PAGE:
“Most historians agree that the vampire as we know it today got its start in Europe sometime during the 17th and 18th centuries. According to scholars, the legendary “Dracula” novel by Bram Stoker was crafted after the real Romanian Prince Vlad Tepes, who lived during the 15th century in Transylvania.
While Romania generally looks fondly on his legacy, he was known to be very cruel to those he conquered, even earning himself the nickname “Vlad the Impaler”. Some stories go so far as to say that he even dined with his dying victims, dipping his bread in their blood.
One of the best-known works about vampires is the book “Dracula” that was published in 1897. Stoker’s version of a blood-sucking ghoul who preys on innocent people to prolong his life was burned into the collective psyche and kept with the then-popular belief that vampires were dangerous and scary, although there’s a case to be made that the Victorian-era novel is full of innuendo and is, in fact, a heavily sexual piece.
But through this novel, we get several characters who continually pop up in future works by other authors and even television and movie directors. You might be familiar with names like Van Helsing, the vampire slayer who is the central character portrayed by Hugh Jackman in a 2004 action movie, or Mina Murray, a love interest who features prominently in Dracula romance novel spin-offs.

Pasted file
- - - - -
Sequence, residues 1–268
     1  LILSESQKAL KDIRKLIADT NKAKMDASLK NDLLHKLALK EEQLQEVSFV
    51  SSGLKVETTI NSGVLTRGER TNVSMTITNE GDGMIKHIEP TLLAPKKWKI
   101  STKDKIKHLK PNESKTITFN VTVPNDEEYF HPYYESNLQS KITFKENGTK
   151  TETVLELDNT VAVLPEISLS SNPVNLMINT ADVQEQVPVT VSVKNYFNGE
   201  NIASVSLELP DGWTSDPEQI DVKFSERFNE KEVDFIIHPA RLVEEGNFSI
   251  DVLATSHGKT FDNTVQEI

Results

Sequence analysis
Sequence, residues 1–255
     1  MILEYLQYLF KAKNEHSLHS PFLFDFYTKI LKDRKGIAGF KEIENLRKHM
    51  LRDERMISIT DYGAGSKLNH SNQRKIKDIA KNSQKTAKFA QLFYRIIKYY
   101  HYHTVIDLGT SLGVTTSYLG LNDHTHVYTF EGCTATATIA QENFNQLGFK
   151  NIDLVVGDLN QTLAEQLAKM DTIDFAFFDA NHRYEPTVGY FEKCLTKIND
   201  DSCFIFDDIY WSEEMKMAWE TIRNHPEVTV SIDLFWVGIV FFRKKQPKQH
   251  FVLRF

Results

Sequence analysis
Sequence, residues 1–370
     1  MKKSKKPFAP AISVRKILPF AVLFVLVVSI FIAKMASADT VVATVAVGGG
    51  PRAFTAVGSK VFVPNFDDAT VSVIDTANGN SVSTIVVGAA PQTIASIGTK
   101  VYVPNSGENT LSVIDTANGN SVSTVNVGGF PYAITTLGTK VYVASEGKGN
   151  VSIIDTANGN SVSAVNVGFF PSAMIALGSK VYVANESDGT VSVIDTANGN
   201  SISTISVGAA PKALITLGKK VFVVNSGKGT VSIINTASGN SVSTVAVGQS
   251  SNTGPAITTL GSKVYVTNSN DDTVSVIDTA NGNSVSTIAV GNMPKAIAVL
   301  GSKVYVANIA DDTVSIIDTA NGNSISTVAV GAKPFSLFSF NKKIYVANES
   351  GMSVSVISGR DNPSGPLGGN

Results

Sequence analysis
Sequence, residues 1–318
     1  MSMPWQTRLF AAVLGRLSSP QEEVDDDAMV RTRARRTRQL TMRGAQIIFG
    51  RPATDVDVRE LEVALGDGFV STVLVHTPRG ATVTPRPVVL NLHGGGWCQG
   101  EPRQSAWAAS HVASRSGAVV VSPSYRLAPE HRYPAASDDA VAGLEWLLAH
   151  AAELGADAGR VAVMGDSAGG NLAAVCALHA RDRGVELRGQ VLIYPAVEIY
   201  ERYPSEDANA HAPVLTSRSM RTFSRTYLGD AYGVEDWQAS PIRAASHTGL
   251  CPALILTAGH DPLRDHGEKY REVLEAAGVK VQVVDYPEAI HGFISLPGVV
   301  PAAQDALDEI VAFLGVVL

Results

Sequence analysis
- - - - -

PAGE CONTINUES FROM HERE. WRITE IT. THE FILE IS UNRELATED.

But today, it is quite the tourist site, particularly in summer, when tens of thousands visit. I got there just before the big summer crowds, and got an up close and personal look from a local guide (friend of Dirty Pat). And he believes in Dracula too! So, thanks to my pal, Dirty Pat, for taking me up to Brasov, and the legend of Dracula coming to life!!! Happy Halloween to all of you!
PS: I did not get to meet the modern day Count Dracula, aka Ion Tiriac, the former doubles partner of tennis legend, Ilie Nastase. He owns most of Romania, with insurance companies, auto dealerships, resorts, and various “other” businesses, not doubt granted to him during the Ceausescu era.